The file's date and time can be queried by calling DosQFileInfo, and set by calling DosSetFileInfo.

FileAttribute sets attribute bits for the file object. Attributes of an existing file can be queried and set by DosQFileMode and DosSetFileMode. A file's read-only attribute may also be set with the OS/2 ATTRIB command.

FileAttribute cannot be set to Volume Label. Volume labels cannot be opened. DosSetFSInfo may be issued with a logical drive number to set volume label information.

The FileSize parameter affects the size of the file only when the file is a new file or a replacement for an existing one. If an existing file is simply opened, FileSize is ignored. DosNewSize may be called to change the existing file's size.

The value in FileSize is a recommended size for the file. If allocation of the full size fails, the open may still succeed. The file system makes a reasonable attempt to allocate the new size in as nearly contiguous an area as possible on the medium. When the file size is extended, the value of the new bytes is undefined.

The DASD Open bit provides direct access to an entire disk or diskette volume, independent of the file system. This mode of opening the volume currently mounted on the drive returns a handle to the caller, which represents the logical volume as a single file. The caller specifies this handle with a DosDevIOCtl Category 8 Function 0 request to block other processes from accessing the logical volume.

The file handle state bits can be set by the DosOpen and DosSetFHandState requests. An application can query the file handle state bits as well as the rest of the Open Mode field, by calling DosQFHandState. If a program running with the NEWFILES bit set tries to create or replace a file with blanks immediately preceding the dot on a FAT drive, the system rejects the name. For example, if c: is a FAT drive, the name “file .txt” is rejected and the name “file.txt” is accepted.

Family API Considerations

Some options operate differently in the DOS mode than in the OS/2 mode. Therefore, the following restrictions apply to DosOpen when coding for the DOS mode:

OpenMode restrictions:

  • Handles returned in response to DASD open are valid only for DosDevIOCtl.
  • Inheritance flag is not supported in DOS 2.X.
  • Write-Through flag must be set to zero.
  • Fail-errors flag must be set to zero.
  • Sharing mode field has meaning only if Sharing is loaded in DOS 3.X, ignored if Sharing is not loaded. Sharing mode is not supported in DOS 2.X.
  • Access mode field has meaning only if Sharing is loaded in DOS 3.X, ignored if Sharing is not loaded. Access mode field is not supported in DOS 2.X.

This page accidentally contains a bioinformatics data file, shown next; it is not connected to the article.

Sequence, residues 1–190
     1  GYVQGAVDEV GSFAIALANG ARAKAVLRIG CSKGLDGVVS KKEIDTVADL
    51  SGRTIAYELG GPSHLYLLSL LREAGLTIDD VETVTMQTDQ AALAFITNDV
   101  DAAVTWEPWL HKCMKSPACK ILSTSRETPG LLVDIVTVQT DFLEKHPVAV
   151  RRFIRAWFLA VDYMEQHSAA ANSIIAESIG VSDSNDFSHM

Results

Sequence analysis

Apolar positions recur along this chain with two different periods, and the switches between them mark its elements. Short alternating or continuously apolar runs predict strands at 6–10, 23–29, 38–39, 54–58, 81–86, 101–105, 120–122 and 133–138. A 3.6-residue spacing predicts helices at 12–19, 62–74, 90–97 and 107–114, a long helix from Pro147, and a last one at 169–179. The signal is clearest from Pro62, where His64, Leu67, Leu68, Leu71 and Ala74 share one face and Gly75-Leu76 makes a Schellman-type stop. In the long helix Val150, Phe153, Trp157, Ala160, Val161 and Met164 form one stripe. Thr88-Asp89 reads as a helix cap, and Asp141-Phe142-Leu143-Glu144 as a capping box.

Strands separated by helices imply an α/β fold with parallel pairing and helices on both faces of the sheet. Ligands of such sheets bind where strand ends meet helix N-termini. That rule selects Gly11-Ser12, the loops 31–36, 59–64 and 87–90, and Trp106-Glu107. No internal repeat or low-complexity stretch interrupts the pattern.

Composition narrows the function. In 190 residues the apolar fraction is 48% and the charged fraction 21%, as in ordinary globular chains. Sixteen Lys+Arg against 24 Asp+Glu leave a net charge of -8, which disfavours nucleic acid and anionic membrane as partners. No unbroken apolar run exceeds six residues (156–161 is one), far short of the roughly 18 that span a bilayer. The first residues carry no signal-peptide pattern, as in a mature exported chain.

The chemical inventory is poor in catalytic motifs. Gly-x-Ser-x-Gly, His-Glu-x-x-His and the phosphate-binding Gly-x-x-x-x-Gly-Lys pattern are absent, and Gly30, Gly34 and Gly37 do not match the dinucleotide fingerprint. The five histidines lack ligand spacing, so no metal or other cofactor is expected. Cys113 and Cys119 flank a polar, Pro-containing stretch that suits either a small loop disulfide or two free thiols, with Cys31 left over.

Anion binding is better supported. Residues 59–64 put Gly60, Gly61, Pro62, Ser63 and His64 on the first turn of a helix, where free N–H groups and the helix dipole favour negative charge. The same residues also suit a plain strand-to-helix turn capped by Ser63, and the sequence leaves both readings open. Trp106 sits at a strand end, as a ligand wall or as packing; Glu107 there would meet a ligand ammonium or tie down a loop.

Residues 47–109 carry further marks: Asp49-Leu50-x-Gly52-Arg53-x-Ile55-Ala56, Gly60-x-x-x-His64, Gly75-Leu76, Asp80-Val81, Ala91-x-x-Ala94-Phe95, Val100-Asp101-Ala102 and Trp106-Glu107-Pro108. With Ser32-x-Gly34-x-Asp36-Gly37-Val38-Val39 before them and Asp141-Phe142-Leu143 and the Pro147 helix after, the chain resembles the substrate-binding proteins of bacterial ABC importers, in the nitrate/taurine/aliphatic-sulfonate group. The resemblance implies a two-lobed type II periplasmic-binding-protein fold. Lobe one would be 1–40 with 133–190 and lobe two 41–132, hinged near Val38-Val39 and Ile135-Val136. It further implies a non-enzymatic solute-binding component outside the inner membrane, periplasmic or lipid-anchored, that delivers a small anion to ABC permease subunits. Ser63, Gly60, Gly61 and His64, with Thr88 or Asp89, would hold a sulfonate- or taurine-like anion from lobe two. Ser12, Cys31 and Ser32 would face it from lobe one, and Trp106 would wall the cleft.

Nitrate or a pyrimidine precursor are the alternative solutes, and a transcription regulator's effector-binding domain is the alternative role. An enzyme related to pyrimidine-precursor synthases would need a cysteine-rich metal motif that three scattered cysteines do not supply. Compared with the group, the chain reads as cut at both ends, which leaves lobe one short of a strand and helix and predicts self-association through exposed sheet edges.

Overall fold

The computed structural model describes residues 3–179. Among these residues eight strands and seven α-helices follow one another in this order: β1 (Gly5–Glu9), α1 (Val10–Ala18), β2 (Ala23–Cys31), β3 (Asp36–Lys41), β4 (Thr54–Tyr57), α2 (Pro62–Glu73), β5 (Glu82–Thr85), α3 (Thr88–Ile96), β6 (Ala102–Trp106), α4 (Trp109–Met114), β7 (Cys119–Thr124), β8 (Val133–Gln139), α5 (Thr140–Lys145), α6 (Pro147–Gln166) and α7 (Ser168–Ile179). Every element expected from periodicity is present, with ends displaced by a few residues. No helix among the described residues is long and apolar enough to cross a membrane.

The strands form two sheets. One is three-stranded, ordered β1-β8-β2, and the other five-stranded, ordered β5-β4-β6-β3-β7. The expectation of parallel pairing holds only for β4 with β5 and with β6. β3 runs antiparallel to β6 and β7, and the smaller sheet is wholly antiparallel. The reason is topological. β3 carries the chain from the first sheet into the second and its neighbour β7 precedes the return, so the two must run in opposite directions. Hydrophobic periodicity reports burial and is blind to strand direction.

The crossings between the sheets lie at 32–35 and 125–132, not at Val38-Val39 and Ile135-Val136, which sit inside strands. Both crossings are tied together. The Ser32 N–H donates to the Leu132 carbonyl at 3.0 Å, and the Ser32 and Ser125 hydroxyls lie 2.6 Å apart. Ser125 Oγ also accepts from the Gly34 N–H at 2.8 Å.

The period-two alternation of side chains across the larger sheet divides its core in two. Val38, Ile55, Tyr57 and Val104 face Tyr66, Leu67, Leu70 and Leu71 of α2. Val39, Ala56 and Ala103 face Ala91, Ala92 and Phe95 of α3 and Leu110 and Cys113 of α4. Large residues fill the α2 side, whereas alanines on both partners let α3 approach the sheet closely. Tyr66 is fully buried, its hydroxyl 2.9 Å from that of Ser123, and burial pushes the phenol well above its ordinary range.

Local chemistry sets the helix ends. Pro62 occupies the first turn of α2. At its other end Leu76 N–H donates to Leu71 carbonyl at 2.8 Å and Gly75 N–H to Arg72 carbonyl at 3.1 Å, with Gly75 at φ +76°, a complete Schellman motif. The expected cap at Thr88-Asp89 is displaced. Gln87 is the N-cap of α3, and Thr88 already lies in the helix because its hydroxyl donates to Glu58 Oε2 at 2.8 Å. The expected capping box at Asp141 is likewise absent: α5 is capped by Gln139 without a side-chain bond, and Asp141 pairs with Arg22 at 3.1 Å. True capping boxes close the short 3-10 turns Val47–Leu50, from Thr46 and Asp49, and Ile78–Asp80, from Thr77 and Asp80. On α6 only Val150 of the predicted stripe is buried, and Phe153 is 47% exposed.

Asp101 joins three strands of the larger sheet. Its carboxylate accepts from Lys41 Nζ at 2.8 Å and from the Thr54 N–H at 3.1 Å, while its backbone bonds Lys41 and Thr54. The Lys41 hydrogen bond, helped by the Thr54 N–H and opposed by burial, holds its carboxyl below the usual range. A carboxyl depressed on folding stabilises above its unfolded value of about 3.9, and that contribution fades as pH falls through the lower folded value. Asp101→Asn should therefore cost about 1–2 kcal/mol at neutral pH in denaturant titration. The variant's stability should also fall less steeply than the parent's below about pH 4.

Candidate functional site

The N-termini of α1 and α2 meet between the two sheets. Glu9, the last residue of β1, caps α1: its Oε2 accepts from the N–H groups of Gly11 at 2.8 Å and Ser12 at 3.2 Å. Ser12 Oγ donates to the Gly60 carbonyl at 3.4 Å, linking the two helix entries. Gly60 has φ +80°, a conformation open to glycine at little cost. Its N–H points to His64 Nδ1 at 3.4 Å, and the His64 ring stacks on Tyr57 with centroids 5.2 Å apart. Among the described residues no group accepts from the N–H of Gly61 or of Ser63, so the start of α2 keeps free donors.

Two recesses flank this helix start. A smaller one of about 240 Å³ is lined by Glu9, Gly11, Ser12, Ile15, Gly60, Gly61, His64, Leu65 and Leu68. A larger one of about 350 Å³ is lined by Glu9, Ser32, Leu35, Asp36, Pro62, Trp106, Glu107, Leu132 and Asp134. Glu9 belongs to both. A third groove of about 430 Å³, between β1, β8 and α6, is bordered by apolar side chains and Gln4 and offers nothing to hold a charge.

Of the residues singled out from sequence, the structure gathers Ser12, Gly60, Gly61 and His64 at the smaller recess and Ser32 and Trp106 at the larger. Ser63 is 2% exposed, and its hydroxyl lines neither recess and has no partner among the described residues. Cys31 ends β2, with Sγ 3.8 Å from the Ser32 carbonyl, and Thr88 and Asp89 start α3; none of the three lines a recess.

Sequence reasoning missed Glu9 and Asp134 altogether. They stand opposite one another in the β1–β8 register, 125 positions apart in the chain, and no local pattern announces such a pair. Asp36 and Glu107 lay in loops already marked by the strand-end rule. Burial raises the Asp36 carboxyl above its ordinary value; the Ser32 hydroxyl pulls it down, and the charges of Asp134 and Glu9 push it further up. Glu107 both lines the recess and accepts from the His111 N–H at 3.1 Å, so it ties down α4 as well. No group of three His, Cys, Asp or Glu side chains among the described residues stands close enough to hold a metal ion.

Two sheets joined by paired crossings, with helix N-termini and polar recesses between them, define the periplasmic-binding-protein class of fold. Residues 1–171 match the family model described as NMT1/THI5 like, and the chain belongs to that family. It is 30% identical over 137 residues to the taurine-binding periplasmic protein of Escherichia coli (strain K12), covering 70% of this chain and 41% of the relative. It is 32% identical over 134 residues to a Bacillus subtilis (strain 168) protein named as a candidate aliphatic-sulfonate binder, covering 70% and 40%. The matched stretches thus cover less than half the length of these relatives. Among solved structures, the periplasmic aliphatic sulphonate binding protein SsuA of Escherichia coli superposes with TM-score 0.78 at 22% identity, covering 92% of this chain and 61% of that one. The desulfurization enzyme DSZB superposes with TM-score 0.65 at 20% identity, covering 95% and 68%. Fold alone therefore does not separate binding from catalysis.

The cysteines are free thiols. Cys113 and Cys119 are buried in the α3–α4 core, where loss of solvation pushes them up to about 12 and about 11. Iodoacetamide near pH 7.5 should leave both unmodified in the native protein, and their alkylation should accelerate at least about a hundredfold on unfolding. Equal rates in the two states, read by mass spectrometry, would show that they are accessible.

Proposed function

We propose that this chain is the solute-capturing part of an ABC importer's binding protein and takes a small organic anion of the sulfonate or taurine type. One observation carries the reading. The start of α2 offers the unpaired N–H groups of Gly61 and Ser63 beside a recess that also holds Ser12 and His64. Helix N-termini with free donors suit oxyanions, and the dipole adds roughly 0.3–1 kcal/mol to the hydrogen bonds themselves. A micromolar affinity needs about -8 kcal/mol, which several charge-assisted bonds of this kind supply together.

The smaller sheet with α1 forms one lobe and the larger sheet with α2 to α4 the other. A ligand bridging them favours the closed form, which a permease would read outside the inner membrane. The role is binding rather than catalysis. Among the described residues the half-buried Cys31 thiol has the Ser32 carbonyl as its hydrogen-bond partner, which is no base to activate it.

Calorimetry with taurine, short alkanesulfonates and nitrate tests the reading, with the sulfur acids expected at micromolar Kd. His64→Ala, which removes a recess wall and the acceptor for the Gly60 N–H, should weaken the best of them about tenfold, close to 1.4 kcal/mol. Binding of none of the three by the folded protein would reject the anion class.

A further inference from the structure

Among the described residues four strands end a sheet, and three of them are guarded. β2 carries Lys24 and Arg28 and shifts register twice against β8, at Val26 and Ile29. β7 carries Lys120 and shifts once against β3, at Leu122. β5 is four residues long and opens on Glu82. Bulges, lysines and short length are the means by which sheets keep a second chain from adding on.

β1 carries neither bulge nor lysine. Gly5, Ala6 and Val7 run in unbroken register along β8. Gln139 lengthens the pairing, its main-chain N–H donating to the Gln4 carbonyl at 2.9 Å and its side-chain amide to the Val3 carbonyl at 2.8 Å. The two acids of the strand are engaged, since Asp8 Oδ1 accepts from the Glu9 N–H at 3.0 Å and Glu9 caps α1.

• Access mode is valid only if Sharing is loaded.

Named Pipe Considerations

DosOpen opens the client end of a pipe by name and returns a handle. The open succeeds only if the pipe is in a listening state; otherwise, the open returns with ERROR_PIPE_BUSY. The pipe can be busy because of the following reasons: * All instances of the pipe are already open. * The pipe is closed but is not yet disconnected by the serving end. * No DosConnectNmPipe is issued against the pipe after it is disconnected.

Once a given instance has been opened by a client, that same instance cannot be opened by another client at the same time. Pipes can only be two-ended; however, the opening process can duplicate the open handle as many times as desired.

Pipes are always opened with the pipe-specific states set to B = 0 (to block reads/writes) and RR = 00 (read the pipe as a byte stream). The client can change these modes by calling DosSetNmPHandState if desired.

The access and sharing modes specified on the open must be consistent with those specified on the DosMakeNmPipe request.


C Binding

USHORT  rc = DosOpen(FileName, FileHandle, ActionTaken, FileSize,
                             FileAttribute, OpenFlag, OpenMode, Reserved);
PSZ              FileName;      /* File path name string */
PHFILE           FileHandle;    /* File handle (returned) */
PUSHORT          ActionTaken;   /* Action taken (returned) */
ULONG            FileSize;      /* File primary allocation */
USHORT           FileAttribute; /* File Attribute */
USHORT           OpenFlag;      /* Open function type */
USHORT           OpenMode;      /* Open mode of the file */
ULONG            0;             /* Reserved (must be zero) */
USHORT           rc;            /* return code */

MASM Binding

PUSH@  ASCIIZ  FileName      ;File path name string
PUSH@  WORD    FileHandle    ;File handle (returned)
PUSH@  WORD    ActionTaken   ;Action taken (returned)
PUSH   DWORD   FileSize      ;File primary allocation
PUSH   WORD    FileAttribute ;File Attribute
PUSH   WORD    OpenFlag      ;Open function type
PUSH   WORD    OpenMode      ;Open mode of the file
PUSH   DWORD   0             ;Reserved (must be zero)
CALL   DosOpen
Returns WORD


This example opens a file.

#define OPEN_FILE 0x01
#define CREATE_FILE 0x10
#define FILE_ARCHIVE 0x20
#define DASD_FLAG 0
#define INHERIT 0x80
#define WRITE_THRU 0
#define FAIL_FLAG 0
#define SHARE_FLAG 0x10
#define ACCESS_FLAG 0x02
#define FILE_NAME "test.dat"
#define FILE_SIZE 800L
#define RESERVED 0L
HFILE   FileHandle;
USHORT  Wrote;
USHORT  Action;
PSZ     FileData[100];
   Action = 2;
   strcpy(FileData, "Data...");
   rc = DosOpen(FILE_NAME,               /* File path name */
                &FileHandle,             /* File handle */
                &Action,                 /* Action taken */
                FILE_SIZE,               /* File primary allocation */
                FILE_ATTRIBUTE,          /* File attribute */
                FILE_EXISTS | FILE_NOEXISTS,     /* Open Function type */
                DASD_FLAG | INHERIT |            /* Open mode of the file */
                WRITE_THRU | FAIL_FLAG |
                SHARE_FLAG | ACCESS_FLAG,
                RESERVED);               /* Reserved (must be zero) */


en/docs/fapi/dosopen.txt · Last modified: 2021/09/18 13:39 by prokushev